The morning after started early. Three am to be precise. I was woken by my youngest having a bad dream. Years of broken nights have taught me that the only way to get back to sleep quickly is if you can minister to the little darlings without waking up properly yourself. I was nearly there, till I realised that he was wheezy, and by the time I'd toddled downstairs to get his puffer, I was wide awake and my mind buzzing. Usually this is an extremely bad thing for me. It's the time of night when work anxieties crowd in and there is bugger all I can do about any of it. Sometimes, though, I strike lucky and the wee small hours prove fruitful as I churn out ideas, work out character's motives, come up with the perfect sentence. (The only downside is I don't always have pen and paper to hand, so sometimes fall asleep like Carrie in Homeland desperate to remember the vital breakthrough I've just made). Fortunately, this morning, my mind was full of my 1:1's. Two out of three had commented I could strengthen the opening chapter by rewriting the first few paragraphs. I resisted it initially, I've worked so hard on that passage, and I liked what I'd done with it. But on the train I began to realise they were right, and lying in the darkness this morning, I began to see how to go about it.
At four am the writing was crystal clear and I was certain I'd cracked it. But at seven when I managed to crawl out of bed, the details were a bit fuzzy. As I threw myself back into the rhythm of life before school, uniform, breakfast, packed lunch, the words came back. I'm still not sure whether I should use the word "supposed" or not, but my critics were right, it certainly feels a stronger beginning. Even better, on the way to work, I realised that a couple more throwaway lines would prove a perfect link to the central section of the novel. And for once, I got all the way to the office without work thoughts crowding in. Of course, I've had precious little time since then...Supervision, budget building and lots of stuff not for public consumption, was followed by rushing to meet number 2 to show her the way to her new drama group; returning home to feed the others; back on the bus to collect her and have tea, whilst Chris is at a work meeting. I know from the lovely people I met at the conference, I am not alone in having such a whirlwind life, and so it's good to keep remembering JoJo Moyes' advice to write what you can, whenever you can to keep your projects moving.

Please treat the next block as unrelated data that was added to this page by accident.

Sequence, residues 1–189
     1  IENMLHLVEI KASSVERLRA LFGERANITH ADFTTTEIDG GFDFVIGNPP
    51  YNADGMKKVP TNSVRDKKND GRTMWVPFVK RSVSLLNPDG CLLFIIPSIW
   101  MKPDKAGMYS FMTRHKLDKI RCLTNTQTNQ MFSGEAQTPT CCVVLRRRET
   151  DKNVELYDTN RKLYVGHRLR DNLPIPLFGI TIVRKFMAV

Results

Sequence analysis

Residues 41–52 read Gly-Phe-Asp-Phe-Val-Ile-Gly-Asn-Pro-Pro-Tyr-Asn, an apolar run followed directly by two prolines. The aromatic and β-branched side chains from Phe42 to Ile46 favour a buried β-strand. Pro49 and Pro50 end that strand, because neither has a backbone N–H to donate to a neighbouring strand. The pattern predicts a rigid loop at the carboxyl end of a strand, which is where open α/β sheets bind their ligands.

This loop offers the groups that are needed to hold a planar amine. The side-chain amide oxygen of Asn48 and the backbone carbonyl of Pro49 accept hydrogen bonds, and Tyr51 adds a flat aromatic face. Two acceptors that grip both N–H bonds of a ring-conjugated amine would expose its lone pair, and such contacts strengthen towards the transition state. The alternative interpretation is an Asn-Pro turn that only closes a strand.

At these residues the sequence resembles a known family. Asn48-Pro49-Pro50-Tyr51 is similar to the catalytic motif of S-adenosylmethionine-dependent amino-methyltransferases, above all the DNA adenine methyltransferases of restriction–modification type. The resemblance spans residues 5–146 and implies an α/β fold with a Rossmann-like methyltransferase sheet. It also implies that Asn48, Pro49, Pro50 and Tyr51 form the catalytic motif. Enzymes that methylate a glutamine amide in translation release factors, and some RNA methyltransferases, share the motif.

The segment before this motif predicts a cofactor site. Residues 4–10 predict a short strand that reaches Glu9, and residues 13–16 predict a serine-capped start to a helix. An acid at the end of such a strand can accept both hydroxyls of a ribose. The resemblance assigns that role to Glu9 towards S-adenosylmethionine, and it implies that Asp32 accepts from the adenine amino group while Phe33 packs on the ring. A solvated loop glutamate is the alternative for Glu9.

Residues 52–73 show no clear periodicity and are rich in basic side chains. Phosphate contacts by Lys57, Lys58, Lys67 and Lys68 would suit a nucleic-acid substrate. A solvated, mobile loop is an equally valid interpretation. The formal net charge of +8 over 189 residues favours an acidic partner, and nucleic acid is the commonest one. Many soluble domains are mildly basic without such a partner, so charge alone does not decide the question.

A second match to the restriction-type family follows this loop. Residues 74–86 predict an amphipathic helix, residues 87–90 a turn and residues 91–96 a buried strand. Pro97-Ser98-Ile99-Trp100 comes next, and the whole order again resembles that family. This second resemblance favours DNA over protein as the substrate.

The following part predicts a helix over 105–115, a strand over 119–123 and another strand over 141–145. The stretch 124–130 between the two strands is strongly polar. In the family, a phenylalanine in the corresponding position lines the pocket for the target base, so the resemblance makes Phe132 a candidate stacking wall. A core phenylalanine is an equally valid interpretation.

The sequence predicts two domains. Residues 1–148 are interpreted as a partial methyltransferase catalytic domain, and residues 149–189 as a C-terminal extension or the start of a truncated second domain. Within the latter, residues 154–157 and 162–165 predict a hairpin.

This is going to me last post for a while, I have a novel to write after all. I wanted to end, however, by saying that a spectacular and unexpected pleasure at York was meeting so many people who know my lovely twin Julia Williams. I am sorry if I startled some of you by my more than passing resemblance to her, but as I said at the time, it happens rather a lot. So here's the poem, as promised.
A Case of Mistaken Identity
Shall I forgive you? It happens quite a lot –
a stranger greets me in the street, or on a bus –
it causes confusion more often than not.
Did you suffer from such a delusion? What
were you thinking - that I wouldn’t make a fuss?
Should I forgive you, since it happens a lot?
Perhaps you understood at first, but then forgot
alike was not the same, that there are two of us.
I know it’s confusing, more often than not.
Maybe, I should try again, give you another shot.
Perhaps, after all, I’ve been making too much fuss.
Could I forgive you, since it happens such a lot?
It’s not surprising, really, that you’ve lost the plot,
you’re not the first to be bemused by two of us,
It can be confusing, more often than not.
Maybe, after all, I’ve been making too much fuss.
For, if I can forgive the person on the bus,
surely, I can pardon you? It happens such a lot -
causing confusion more often than not.